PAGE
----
A strong earthquake yesterday shook Croatia and its capital, causing widespread damage and panic.
A 15-year-old was reported in critical condition and others were injured, news outlets reported.
The European-Mediterranean Seismological Centre (EMSC) said the earthquake measured 5.3 and struck a wide area north of Zagreb at 6:23am.
The epicenter was 7km north of Zagreb at a depth of 10km.
Many buildings in Zagreb cracked and walls and rooftops were damaged. Downtown streets were littered with debris. Concrete slabs fell on cars and chimneys landed in front of entrances.
Photographs from the scene show mothers dressed in nightgowns hugging their newborn babies in a parking lot as they evacuated a maternity hospital amid freezing temperatures.
Zagreb’s iconic cathedral was also damaged with the top of one of its two spires collapsing. The cathedral was rebuilt after it toppled in the 1880 earthquake.
Power was cut as people ran out of their homes. Several fires were also reported. At least two other tremors were recorded later.
Officials first said a 15-year-old girl was killed, but doctors later said that she is in critical condition and that they are fighting for her life. They gave no immediate details on the extent of other injuries.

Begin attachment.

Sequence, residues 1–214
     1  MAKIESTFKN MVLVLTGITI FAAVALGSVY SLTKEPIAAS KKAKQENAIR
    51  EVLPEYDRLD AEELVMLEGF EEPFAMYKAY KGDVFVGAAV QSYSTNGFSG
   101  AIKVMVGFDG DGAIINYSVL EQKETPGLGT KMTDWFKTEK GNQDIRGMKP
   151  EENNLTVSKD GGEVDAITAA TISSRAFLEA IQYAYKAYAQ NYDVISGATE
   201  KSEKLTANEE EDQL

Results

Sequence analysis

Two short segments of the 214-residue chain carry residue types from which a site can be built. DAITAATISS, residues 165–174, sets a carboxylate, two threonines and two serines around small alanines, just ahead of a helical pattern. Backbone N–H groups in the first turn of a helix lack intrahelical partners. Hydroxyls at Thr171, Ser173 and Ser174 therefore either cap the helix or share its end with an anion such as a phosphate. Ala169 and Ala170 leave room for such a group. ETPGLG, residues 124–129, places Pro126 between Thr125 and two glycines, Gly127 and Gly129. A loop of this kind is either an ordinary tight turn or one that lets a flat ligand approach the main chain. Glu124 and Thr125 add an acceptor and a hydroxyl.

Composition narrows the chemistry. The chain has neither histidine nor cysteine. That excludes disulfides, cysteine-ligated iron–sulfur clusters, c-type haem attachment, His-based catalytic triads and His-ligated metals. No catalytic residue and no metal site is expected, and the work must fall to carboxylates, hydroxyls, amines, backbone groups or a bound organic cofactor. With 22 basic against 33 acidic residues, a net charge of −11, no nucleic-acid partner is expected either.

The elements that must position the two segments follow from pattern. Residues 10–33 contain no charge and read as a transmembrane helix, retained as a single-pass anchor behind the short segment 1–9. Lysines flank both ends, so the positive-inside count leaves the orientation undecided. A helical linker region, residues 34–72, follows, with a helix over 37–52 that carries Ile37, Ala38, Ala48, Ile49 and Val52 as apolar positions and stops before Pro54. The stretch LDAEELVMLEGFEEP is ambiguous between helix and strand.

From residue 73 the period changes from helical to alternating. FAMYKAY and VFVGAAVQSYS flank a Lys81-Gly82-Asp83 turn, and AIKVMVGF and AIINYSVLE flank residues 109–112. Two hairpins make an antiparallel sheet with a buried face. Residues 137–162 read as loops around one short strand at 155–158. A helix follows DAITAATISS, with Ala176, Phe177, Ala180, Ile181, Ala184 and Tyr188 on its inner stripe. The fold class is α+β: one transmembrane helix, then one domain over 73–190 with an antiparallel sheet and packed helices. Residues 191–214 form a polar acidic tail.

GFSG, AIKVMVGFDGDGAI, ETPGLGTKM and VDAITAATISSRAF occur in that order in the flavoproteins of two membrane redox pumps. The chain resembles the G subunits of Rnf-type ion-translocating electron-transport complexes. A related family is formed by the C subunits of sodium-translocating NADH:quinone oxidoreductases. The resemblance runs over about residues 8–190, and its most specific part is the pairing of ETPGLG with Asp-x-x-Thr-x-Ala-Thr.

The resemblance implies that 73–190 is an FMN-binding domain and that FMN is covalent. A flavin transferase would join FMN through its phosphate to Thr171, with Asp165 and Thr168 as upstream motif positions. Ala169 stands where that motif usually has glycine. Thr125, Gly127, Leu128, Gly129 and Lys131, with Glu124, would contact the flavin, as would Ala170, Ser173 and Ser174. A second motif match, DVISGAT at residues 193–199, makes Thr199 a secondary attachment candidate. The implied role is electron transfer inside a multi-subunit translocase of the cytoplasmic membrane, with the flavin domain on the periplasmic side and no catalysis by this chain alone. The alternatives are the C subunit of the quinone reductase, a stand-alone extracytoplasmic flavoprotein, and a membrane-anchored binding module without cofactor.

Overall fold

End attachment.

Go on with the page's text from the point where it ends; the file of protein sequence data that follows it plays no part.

Residents shared photographs of belongings falling off shelves, broken bottles and glass inside homes.
The earthquake struck amid a partial lockdown of the capital because of the spread of COVID-19. People were told to avoid public areas, such as parks and public squares, but had no choice as they ran out of their apartments.
Up to five people keeping distance are allowed to be together.
Croatian Prime Minister Andrej Plenkovic said earthquake was the biggest in Zagreb in the last 140 years. He urged the citizens to remain calm and stay outside their homes in the central parts of Zagreb, which sustained the most damage.
“We have two parallel crisis that contradict each other,” Plenkovic said after an emergency meeting of Croatia’s top officials.
Croatia’s army and all emergency services would start clearing the streets as soon as possible, while assessment will start of the damage at the same time.
“We will try to clear the streets as soon as possible,” Plenkovic said. “Stay outside your homes and keep distance.”
Croatian Minister of the Interior Minister Davor Bozinovic said the situation was complicated by the restrictive virus-related measures.
“There are rules for when there is an earthquake, but when there is an earthquake at the same time when there is a global pandemic, then it’s a much more complex situation,” Bozinovic told the state HINA news agency.
Meanwhile, Slovenia’s only nuclear power plant, Krsko, which is jointly owned with Croatia, has not been affected by the quake, but authorities said it had started inspecting systems and equipment as a normal preventive action.
“The nuclear power plant continues to operate at full power,” Slovenian Nuclear Safety Administration Director Igor Sirc said.
Additional reporting by Reuters
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